NEURO - Brain tumours & raised ICP Flashcards Preview

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Flashcards in NEURO - Brain tumours & raised ICP Deck (21)

Bimodal peaks of brain tumour epidemiology

–Peak in infancy and childhood
–Peak in 7th decade of life


Types of common brain tumours

•Neuroepithelial tumours (gliomas) 52%
-Astrocytoma (all grades) 44%
-Ependymoma 3%
-Oligodendroglioma 2%
-Medulloblastoma 3%

•Metastatic tumours 15%
•Meningioma 15%
•Pituitary adenoma 8%
•Acoustic neuroma 8%


Etiology of brain tumours

Environmental (ionising radiation, radiotherapy, nuclear explosions)

Genetic (Neurofibromatosis 1 & 2, Li Fraumeni syndrome)


(4) DDx of raised intracranial pressure with focal neurological deficits suggesting an intracranial mass enlarging over a few weeks

–Primary brain tumour
–Metastatic brain tumour
–Brain abscess
–Chronic subdural haematoma


Features of glioblastoma multiforme

Heterogeneous deep temporal mass with patchy contrast enhancement and areas of necrosis. (pallisading necrosis)

The optic radiation and internal capsule are compressed or invaded by the tumour


Describe malignant astrocytoma

•Gliomas comprise 50% of all brain tumours
•50% gliomas are malignant astrocytomas
–Glioblastoma multiforme (WHO grade 4)
–Anaplastic astrocytoma (WHO grade 3)

•6th-8th decade of life
•Eighth most common cause of cancer death
•Prognosis is dismal – median survival 7-14 months for glioblastoma multiforme


Features of malignant cells by pathology

Cellular atypia/pleiomorphism
Nuclear atypia/pleiomorphism
Endothelial hyperplasia
Necrosis / pallisading necrosis


Px of intracranial mass

•Symptoms of raised intracranial pressure
•Seizures (40-80%)
•Focal neurological deficit: Depends on location of mass
•Duration of symptoms depends on rate of growth of mass
-Growth rate depends on grade of tumour
-Weeks to years

Increased ICP
–Nausea and vomiting


What may cause increased ICP?

–Tumour mass
–Surrounding oedema
–Hydrocephalus if CSF pathways are blocked
–other extra volumes (bleeding)


Which lobe must be affected for dysphasia?

Dominant frontal or temporal lobe


Rx of malignant astrocytoma

•Commence steroids (dexamathasone)
–Reduction of cerebral oedema and ICP

•Resection of as much of the tumour as is safely possible
–If resection not possible then biopsy only

•Adjuvant therapy
–Radiotherapy and chemotherapy
–May be given in various combinations depending on the tumour grade


Features of a low grade glioma

Homogeneous mass best seen on FLAIR/T2-weighted MRI with no contrast enhancement and minimal mass effect

(c.f. heterogenous mass with patchy contrast enhancement in GBM; high grade glioma)


Describe a low grade glioma

•Includes oligodendroglioma, astrocytomas- and mixed forms
–WHO Grade 1 (usually children) and 2 (adults)

•Patients are young (25-45), neurologically intact, often only with seizures

•Survival is prolonged (years to decades)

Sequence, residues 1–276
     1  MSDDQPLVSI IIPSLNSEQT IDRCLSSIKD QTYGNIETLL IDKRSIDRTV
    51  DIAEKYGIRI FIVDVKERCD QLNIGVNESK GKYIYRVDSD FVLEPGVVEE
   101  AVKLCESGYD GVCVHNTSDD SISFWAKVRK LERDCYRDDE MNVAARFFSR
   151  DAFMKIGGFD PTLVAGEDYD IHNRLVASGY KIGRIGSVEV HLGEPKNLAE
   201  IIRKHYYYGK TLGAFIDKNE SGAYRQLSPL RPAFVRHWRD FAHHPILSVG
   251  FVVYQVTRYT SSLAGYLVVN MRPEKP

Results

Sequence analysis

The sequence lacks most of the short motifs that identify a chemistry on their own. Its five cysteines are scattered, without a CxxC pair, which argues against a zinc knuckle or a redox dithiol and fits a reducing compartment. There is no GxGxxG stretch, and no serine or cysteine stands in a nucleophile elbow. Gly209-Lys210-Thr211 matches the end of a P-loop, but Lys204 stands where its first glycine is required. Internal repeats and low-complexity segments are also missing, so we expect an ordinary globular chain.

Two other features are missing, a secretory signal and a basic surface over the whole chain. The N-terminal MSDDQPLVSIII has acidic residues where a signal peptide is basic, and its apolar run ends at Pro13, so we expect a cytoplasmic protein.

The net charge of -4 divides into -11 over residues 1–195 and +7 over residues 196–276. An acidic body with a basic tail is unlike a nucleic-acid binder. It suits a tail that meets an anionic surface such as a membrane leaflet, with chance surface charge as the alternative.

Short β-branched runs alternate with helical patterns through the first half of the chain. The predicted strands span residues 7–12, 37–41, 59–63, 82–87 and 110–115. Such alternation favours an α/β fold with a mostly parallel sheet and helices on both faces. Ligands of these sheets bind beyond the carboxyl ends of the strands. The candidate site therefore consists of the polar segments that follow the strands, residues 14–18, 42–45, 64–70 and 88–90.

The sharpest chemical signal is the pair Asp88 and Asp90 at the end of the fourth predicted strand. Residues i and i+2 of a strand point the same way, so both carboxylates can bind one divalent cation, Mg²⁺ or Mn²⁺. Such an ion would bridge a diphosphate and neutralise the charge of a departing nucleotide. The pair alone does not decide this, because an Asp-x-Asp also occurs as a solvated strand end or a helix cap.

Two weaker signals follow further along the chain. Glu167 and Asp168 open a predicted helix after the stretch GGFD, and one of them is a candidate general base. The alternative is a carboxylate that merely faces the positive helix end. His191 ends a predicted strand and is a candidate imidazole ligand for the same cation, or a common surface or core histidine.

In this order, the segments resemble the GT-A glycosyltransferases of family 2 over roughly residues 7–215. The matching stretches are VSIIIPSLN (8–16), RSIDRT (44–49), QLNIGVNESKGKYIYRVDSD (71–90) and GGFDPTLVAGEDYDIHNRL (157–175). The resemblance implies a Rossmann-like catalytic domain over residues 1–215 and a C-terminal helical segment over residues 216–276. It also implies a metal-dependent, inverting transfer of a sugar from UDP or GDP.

–But eventual growth of low grade tumour or progression to a higher grade will occur


Rx of low grade glioma

–Removal of as much tumour as safely possible
–Often only a biopsy to avoid deficit
–Tissue diagnosis essential
–Defer radiotherapy and chemotherapy until tumour progression

Avoid SE as much as possible


What often causes intense cerebral oedema that causes more symptoms than the actual mass itself?

Metastatic brain tumour

Comprise approximately 15% of brain tumours in clinical series

Interval between diagnosis of primary tumour and brain metastases is highly variable

Common in cerebellum – may cause obstructive hydrocephalus


Commonest primary tumours that metastasise to the brain

Lung, breast, melanoma, kidney, GI (bowel)


Rx of brain metastases

•Commence steroids (dexamathasone)
–Reduction of cerebral oedema and ICP

•Surgery to remove the metastasis is indicated
–If the metastasis is solitary
–If the primary disease is stable and the patient has a reasonable life expectancy

•If the primary cancer is unknown the metastasis should be removed to confirm the diagnosis

•Occasionally one of multiple metastases will be removed for palliation
–If it is causing disabling symptoms, such as a hemiparesis, that can be improved by removal, even if the patient may only live a few months

•Whole brain radiotherapy (45 Gy)
–For multiple metastases
–After removal of a single metastasis (controversial)

•Stereotactic radiotherapy
–Single high dose focused radiation for 1 – 3 metastases

•Chemotherapy and targeted agents generally have poor penetration into the brain


Describe meningioma
- how common
- epidemiology
- origin of cells
- Px

•Most common benign brain tumour
•Most common in middle age
•More common in women than men
•Arise from arachnoid cells in the meninges
Slow-growing, therefore may reach a very large size
•Symptoms may be present for years
•May be asymptomatic and discovered incidentally


Characteristic locations of meningioma

on the dura
•Most common is falx, convexity and sphenoid wing
•Each location has a characteristic clinical syndrome
•Often associated with intense oedema


Pathology of meningioma

—“Whorls” are a common feature

Subtypes generally have no prognostic significance
A few subtypes portend a poorer prognosis
Malignancy is infrequent


Rx of meningioma

•Total surgical excision and obliteration of the dural attachment is the most effective treatment
•Subtotal excision and diathermy of the dural attachment if complete excision not possible
•Radiosurgery or radiotherapy for small, residual, recurrent or malignant tumours
•Extent of resection is related to risk of recurrence

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